In Chapter 8 C. regards the doxai as “empty and contradictory opinions” (151). Since Parmenides states that there is no truth in the opinions C. concludes that all the interpreters who have found some positive value in the opinions have relativized or distorted Parmenides’ words (152). He does not argue against these interpreters,6 whose names he does not mention, and, even if he regards opinions as a different point of view on the same reality, he never considers the possibility that a different point of view may find something other than truth. He measures the doxai against the standard of truth alone. On the other hand it must be said that the majority of scholars regard the doxa, as C. does, as utterly deceptive7 and as the useful description of a mistake of the mortals.8
C. rightly points out, as did Mourelatos in 1970 (see note 3), 195ff., that the doxa is not the way of seeming and that doxa is not appearance: it consists rather in human viewpoints and conjectures. For Parmenides, differently than Plato, there is no distinction between ‘being’ and ‘appearing’: things or beings are particularizations of the fact of being and not appearances of it. While the philosopher grasps being, the mortals believe there are just these different things (153). C. makes a very important point when he claims that the object of opinions is that which is; opinions refer to it but say something wrong about it (154). Again, the fact that in Parmenides there are no two worlds had already been made by Minar 1949, Chalmers 1960 and de Rijk 1983 (see note 6). C. explains that the doxa is a point of view that instead of recognizing the alternative ‘it is or it is not’ maintain that ‘it is and it is not’. This leads the holders of opinions to see reality as founded on principles that mix, separate and transform themselves; they see reality as composed of names (155). Doxa consists in names, as C. points out. However, it is not a vicious circle (167); in fact, these names are ordered in such a way as to result in a cosmos, and they have a value even if they do not reveal the truth. They are the result of a different perspective (based on opposites).
In Chapter 9 C. describes the sêmata given in B8 as proofs, signs, witnesses in favour of Parmenides’ thesis, i.e. the necessary and unique character of the fact of being — which is surprising since he has repeated the necessary character of the thesis throughout the book and again in this chapter (168). He just tackles a few points, and for the rest he recommends the analysis of Tarán and others. At p. 174 he surprisingly translates pelazei (‘draws near’, ‘approaches’) as ‘touches’ (fr. 8. 25).
C. offers also a text of the Poem, his own translation, a bibliography (which also refers the reader to the second edition of his Le deux chemins de Parménide, Paris-Bruxelles 1997 and to the website of Parmenides Publishing, where, however, I could not find any bibliography), a list of ancient authors cited, a list of modern authors cited. No indices are included.
An undisputable merit of C. book is to offer clarity about important textual issues, combining an incredible conscientiousness — which is the result of the consultation of an enormous amount of manuscripts — and insight in offering, or reiterating, his own conjectures, not only in fr. 6. 3, but i.a. in fr. 1. 3 where he conjectures kata panta (30); in fr. 8. 35 where he follows Proclus manuscript, which instead of having en hôi pephatismenon estin, has eph’ hôi pephatismenon estin; and in fr. 6. 1 (see Tarán 1965 and Cordero 1979). My doubts about the necessary relation of being, thinking and speaking and about the impossibility of the doxa have not prevented me from enjoying the clarity of his argumentations throughout the book and the brief suggestion of the importance of the effect on the audience of a philosophy meant to have an impact on one’s life.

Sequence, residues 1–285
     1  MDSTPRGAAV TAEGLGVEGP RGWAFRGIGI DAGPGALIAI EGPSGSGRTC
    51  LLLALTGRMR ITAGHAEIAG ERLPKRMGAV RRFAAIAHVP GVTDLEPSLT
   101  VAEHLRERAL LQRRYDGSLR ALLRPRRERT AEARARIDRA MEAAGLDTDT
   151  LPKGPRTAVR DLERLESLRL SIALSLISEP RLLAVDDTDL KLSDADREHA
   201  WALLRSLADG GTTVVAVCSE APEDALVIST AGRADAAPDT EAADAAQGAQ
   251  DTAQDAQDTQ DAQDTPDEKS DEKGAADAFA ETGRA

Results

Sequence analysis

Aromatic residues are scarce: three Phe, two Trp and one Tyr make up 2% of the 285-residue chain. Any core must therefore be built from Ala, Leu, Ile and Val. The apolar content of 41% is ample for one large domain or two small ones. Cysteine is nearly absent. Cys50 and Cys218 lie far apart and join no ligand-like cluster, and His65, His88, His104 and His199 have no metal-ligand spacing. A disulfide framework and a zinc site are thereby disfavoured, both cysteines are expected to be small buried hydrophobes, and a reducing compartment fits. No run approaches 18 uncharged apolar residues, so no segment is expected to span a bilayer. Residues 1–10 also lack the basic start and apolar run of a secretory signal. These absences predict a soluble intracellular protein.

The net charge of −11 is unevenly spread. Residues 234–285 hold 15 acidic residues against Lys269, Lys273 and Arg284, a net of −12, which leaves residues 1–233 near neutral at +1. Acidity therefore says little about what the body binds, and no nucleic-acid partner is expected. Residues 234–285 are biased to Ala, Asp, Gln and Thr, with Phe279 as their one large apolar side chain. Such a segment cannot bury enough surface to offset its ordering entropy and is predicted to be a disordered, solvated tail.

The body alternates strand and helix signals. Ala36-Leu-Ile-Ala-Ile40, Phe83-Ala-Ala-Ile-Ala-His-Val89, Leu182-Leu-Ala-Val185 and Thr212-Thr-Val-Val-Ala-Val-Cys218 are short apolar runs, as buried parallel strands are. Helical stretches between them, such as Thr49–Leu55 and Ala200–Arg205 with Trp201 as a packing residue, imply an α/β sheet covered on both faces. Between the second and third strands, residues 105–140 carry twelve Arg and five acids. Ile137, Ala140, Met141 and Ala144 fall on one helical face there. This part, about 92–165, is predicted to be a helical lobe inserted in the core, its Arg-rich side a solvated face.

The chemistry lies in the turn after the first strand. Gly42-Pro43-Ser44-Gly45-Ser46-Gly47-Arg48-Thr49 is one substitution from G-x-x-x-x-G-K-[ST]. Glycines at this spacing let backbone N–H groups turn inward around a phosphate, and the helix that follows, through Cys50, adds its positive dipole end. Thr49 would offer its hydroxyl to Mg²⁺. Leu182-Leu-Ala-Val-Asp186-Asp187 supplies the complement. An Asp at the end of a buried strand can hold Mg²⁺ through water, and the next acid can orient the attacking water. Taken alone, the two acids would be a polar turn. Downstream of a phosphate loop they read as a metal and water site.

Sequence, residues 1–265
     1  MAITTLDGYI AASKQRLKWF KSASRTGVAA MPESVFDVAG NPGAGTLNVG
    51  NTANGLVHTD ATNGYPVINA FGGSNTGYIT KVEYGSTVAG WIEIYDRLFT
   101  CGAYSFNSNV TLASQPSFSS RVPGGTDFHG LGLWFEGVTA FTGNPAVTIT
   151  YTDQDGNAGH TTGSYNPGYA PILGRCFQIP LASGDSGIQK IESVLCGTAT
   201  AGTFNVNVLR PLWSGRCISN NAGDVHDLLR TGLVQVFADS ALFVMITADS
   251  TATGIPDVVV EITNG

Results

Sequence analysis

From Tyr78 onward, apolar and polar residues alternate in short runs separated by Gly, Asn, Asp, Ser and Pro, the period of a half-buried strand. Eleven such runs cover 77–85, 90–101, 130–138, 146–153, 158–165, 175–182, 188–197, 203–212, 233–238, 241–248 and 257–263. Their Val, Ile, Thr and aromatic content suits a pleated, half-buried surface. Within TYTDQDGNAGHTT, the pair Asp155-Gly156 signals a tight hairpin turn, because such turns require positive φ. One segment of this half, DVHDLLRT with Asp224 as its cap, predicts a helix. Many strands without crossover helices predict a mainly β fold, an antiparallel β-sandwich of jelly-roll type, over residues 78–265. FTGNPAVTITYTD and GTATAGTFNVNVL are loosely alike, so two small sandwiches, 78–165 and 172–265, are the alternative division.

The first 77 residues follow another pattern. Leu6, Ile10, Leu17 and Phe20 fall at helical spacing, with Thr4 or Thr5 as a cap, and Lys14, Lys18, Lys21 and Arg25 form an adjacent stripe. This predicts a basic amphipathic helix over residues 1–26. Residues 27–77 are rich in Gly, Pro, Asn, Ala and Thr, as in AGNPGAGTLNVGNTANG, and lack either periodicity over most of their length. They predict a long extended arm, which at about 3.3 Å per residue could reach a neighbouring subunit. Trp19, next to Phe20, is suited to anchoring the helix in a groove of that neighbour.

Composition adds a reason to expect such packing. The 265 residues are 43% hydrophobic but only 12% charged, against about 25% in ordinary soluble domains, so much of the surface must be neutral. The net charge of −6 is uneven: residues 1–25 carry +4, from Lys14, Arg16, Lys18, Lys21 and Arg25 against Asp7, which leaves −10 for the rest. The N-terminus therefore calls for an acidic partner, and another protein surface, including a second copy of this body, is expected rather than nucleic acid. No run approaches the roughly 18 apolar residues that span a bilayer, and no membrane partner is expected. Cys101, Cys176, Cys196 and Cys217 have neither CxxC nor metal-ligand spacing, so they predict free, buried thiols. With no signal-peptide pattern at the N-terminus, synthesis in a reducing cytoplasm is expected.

1. Note that at pp. 8-11, where C. briefly investigates Parmenides’ Phocean origin, he does not mention Kingsley’s studies, which draw much philosophical relevance from the practices of the Phoceans: Kingsley, P. 1999, In the Dark Places of Wisdom, Inverness, California and Kingsley, P. 2003, Reality, Inverness, California.
2. Cf. e.g. Hadot, P. 1995, Philosophy as a Way of Life, Oxford (original: 1987).
3. Mourelatos, A. P. D., 1970, The Route of Parmenides, New Haven and London, Appendix III: The Meaning of chrê and Cognates, 277ff.
4. Quite surprising is that C., when he lists scholars who adopted his hypothesis does not mention Curd, P. 1998, The Legacy of Parmenides: Eleatic Monism and Later Presocratic Thought, Princeton (148-9). Also note that at p. 152 he mentions Curd 1992 but that she does not appear at all in the bibliography.
5. “… the negation of the thesis is inconceivable, unimaginable, inexpressible. It is the impossibility of admitting the negation of the thesis that gives it its absolute and necessary character. As that which is not being is impossible, unthinkable, and inexpressible, it is necessary to say and to think that only that which is in being, is” (92).
6. E.g. Minar, E. L. Jr 1949, “Parmenides and the World of Seeming”, American Journal of Philology 70, 41-55; Coxon, A. H. 1986, The Fragments of Parmenides. A Critical Text with Introduction, the Ancient Testimonia and a Commentary, Assen; Curd, P. 1998, The Legacy of Parmenides: Eleatic Monism and Later Presocratic Thought, Princeton; Rijk, L. M., de 1983, “Did Parmenides Reject the Sensible World?” in L.P. Gerson, ed. Graceful Reason: Essays in Ancient and Medieval Philosophy Presented to Joseph Owen, CSSR, Toronto, 29-53; Chalmers, W. R. 1960, “Parmenides and the Beliefs of Mortals” Phronesis 5, 5-22; Cerri, G., 1999, Parmenide di Elea, Poema sulla natura. Introduzione, testo, traduzione e note; testo greco a fronte, Milano.
7. Owen, G.E.L. 1960, “Eleatic Questions” The Classical Quarterly 10, 84-102.
8. E.g. Reinhardt, K., 1916, Parmenides und die Geschichte der griechischen Philosophie, Bonn (1959 Frankfurt/M.); Barnes, J. 1982, The Presocratic Philosophers I, London, Sedley, D., 1998, “Parmenides”, in E. Craig, gen. ed. Routledge Encyclopedia of Philosophy, vol. 7, New York, 229-235.